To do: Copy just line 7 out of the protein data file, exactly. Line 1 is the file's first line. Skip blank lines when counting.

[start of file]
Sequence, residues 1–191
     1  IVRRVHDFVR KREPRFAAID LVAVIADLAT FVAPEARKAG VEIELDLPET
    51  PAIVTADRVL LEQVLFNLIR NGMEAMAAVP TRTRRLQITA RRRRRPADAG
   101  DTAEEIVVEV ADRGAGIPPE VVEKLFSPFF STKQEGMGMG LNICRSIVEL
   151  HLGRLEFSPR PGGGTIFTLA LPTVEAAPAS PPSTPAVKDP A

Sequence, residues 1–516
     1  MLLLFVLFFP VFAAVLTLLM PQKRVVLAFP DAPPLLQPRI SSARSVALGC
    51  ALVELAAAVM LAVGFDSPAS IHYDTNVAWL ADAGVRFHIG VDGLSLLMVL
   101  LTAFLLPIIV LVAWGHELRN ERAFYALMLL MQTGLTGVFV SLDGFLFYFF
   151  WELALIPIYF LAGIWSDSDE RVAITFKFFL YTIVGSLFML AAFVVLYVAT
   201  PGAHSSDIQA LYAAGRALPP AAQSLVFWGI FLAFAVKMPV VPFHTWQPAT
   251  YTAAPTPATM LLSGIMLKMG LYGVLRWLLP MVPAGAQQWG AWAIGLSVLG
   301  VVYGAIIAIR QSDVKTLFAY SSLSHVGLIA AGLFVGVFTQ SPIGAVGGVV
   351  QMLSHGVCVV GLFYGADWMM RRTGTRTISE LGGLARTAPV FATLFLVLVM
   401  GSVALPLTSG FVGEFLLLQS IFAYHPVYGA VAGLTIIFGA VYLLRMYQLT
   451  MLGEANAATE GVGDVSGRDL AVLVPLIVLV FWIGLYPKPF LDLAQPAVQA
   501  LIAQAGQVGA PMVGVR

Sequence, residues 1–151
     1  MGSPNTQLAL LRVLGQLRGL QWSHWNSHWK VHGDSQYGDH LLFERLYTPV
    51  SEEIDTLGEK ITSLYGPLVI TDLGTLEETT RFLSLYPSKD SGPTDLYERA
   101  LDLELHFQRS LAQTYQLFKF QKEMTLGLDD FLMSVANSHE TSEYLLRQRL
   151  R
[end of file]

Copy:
     1  MLLLFVLFFP VFAAVLTLLM PQKRVVLAFP DAPPLLQPRI SSARSVALGC